Is your dog struggling to pee, but nothing is coming out? Is your dog’s stream very weak or interrupted?
Frequent Urination Attempts
Does your dog constantly want to go outside, but nothing happens? You might see your pup struggling or squatting frequently. In the end, there isn’t much success.
Vomiting or Refusal to Eat
A distended bladder, or the condition causing it (i.e. infection) could cause vomiting. Your dog might refuse to eat if he’s suffering this much discomfort.
Blood in the Urine
Blood in the urine, or hematuria, means there is probably an issue somewhere along the urinary tract. This could be a sign of a urinary tract infection, kidney infection, a bladder or kidney stone, kidney disease, cancer, or several other issues.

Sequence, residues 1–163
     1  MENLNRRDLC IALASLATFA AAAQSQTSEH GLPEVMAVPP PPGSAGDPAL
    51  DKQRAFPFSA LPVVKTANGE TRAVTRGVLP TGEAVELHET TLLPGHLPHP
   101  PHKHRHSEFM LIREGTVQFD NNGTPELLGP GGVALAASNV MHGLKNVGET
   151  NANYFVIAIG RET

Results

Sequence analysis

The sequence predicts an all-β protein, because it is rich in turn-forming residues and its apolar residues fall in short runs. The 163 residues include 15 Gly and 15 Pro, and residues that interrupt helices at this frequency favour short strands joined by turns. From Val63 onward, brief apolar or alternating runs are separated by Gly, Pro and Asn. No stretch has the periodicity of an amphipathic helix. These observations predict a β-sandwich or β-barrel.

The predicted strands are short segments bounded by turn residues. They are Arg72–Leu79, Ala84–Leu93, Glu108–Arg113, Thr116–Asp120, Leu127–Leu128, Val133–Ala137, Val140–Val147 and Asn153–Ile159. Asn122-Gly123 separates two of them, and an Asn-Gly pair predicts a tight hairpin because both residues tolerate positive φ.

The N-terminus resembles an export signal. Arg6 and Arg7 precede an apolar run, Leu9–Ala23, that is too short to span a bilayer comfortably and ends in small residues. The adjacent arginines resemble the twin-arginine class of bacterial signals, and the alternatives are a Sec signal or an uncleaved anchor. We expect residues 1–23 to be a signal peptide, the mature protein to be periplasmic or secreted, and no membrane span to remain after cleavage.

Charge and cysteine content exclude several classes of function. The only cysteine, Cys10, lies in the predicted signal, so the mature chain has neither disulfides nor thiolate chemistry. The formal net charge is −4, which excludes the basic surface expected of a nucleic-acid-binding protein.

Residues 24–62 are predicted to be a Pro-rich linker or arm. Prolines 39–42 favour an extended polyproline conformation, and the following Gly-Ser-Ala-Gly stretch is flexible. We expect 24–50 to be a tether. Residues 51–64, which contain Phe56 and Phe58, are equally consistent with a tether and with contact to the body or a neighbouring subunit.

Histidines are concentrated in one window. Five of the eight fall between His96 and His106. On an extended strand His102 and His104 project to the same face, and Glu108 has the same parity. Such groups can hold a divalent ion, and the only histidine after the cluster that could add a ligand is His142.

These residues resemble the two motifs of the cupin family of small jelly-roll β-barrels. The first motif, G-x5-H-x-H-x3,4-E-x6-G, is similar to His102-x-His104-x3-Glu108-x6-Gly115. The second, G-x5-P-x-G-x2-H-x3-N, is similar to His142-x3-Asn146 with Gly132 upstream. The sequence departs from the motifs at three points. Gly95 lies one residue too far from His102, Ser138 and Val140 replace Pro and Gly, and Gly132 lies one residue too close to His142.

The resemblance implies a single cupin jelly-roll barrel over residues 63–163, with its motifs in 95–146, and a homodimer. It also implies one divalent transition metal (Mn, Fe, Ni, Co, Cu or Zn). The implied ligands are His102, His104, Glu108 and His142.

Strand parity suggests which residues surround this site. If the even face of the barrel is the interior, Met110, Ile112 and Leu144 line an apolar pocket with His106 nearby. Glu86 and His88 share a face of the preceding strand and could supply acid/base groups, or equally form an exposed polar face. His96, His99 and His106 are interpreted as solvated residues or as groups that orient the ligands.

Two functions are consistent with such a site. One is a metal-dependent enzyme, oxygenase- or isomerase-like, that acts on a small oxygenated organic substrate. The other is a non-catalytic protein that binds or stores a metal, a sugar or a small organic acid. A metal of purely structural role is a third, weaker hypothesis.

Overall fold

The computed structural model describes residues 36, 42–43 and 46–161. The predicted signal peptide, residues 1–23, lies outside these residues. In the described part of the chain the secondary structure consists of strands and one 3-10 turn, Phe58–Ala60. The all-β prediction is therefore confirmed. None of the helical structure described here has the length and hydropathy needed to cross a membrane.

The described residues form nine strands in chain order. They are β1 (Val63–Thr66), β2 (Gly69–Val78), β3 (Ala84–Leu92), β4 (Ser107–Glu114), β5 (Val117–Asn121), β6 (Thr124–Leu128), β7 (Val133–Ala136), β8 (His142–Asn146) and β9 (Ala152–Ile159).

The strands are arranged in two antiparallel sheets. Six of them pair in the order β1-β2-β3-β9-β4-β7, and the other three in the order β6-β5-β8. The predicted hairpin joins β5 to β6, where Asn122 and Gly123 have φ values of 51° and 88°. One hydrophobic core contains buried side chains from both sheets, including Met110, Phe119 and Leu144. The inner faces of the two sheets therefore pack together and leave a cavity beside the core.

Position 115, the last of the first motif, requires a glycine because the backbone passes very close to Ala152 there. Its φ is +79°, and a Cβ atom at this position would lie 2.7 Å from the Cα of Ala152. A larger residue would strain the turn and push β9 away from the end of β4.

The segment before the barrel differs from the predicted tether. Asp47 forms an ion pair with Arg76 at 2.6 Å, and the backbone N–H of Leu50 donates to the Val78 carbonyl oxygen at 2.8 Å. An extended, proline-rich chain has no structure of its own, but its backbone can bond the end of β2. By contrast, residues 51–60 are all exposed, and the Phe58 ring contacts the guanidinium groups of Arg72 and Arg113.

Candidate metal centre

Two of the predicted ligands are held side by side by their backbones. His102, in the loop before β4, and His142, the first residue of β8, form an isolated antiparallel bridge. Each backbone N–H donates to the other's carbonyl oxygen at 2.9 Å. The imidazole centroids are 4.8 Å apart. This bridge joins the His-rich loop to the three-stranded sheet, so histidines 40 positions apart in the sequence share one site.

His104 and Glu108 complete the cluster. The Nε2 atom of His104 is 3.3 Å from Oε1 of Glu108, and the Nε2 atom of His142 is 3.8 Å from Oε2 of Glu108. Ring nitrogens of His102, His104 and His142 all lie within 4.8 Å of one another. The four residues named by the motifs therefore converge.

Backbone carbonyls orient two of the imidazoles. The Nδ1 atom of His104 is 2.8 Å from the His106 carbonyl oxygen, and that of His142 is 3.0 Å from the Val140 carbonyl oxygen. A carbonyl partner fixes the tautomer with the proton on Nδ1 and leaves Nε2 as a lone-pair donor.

No matter the cause, pinkish or red urine means your dog needs to be examined right away because this condition will impact how often do dogs need to pee!
How Often Do Dogs Need to Pee? Final Thoughts
Peeing habits in dogs may be affected by physical or health conditions but also may stem from behavior issues. Some dog owners bring up questions on forums such as a dog peeing on his blanket, his bed or even the masyer’s bed.
These are behavioral questions that require a different approach and solution. Check out the following guide for further information: Why does my dog pee on my bed?